Дракула / Dracula, стр. 1
Брэм Стокер / Bram Stoker
Дракула / Dracula
Адаптация текста, комментарии, упражнения и словарь С. А. Матвеева
© Матвеев С. А., адаптация текста, упражнения, словарь, 2017
© ООО «Издательство АСТ», 2017
Jonathan Harker’s  Journal
3 May. Bistritz.  – I left Munich at 8:35 P. M. on May 1st, and arrived at Vienna early next morning. The train was an hour late. I could walk through the streets a little; Buda-Pesth  seems a wonderful place. We were leaving the West and entering the East. Here I stopped for the night at the Hotel Royale.  I had for dinner, or rather supper, chicken with red pepper, which was very good but thirsty. I asked the waiter, and he said it was a national dish. I used German here.
Before my journey, I visited the British Museum, and studied some of the books and maps in the library regarding Transylvania.  It was impossible to mark the exact locality of the Castle Dracula, as there were no maps of this country; but I found that Bistritz, the town named by Count Dracula,  was a well-known place.
I did not sleep well, though my bed was comfortable enough, for I had queer dreams. Anyway, in the morning the continuous knocking at my door woke me up. My train started at eight.
All day long we were watching beautiful views. Sometimes we saw little towns or castles on top of the hills; sometimes we ran by rivers and streams. At every station there were groups of people, sometimes crowds. The strangest figures we saw were the Slovaks  with their big cowboy hats, great trousers, white linen shirts, and enormous heavy leather belts. They looked like real brigands.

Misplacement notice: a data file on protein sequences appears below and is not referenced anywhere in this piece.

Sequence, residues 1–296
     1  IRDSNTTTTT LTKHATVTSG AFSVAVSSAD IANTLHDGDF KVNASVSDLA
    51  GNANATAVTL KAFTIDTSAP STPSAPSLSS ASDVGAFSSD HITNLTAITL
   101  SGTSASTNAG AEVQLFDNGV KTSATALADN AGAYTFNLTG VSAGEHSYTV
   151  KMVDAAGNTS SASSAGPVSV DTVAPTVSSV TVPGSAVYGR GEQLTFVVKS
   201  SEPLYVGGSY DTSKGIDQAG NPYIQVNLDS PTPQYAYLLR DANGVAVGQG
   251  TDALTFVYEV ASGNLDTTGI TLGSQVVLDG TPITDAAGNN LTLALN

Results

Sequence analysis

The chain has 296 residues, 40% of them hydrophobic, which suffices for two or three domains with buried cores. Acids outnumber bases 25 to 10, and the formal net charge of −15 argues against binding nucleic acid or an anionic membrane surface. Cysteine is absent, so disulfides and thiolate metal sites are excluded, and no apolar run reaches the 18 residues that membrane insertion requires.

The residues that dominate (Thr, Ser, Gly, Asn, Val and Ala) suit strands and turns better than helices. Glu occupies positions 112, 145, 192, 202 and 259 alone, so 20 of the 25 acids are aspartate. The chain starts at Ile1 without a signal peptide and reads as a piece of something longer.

We got to Bistritz in the evening. It was a very interesting old place. Earlier, Count Dracula directed me to go to the Golden Krone Hotel.  An elderly woman in the usual peasant dress smiled, and gave me a letter:
My Friend, welcome to the Carpathians . I am anxiously expecting you. Sleep well tonight. At the Borgo Pass  my carriage will await you and will bring you to me. I hope that your journey from London has been a happy one, and that you will enjoy your stay on my beautiful land.
4 May. – My landlord got a letter from the Count to give the best place on the coach  for me. He and his wife, the old lady who had received me, looked frightened. When I asked him if he knew Count Dracula, and could tell me anything of his castle, both he and his wife said that they knew nothing at all, and simply refused to speak further. It was all very mysterious and suspicious.
Just before I was leaving, the old lady came up to my room and said in a very hysterical way, “Must you go? Oh! Young Herr, must you go?”
She was very excited, and mixed German with some other language which I did not know at all. When I told her that I must go at once, and that I had important business, she asked again, “Do you know what day it is? It is the eve of St. George’s Day.  Do you not know that tonight, when the clock strikes midnight, all the evil things in the world  will have full power on the earth? Do you know where you are going, and what you are going to?”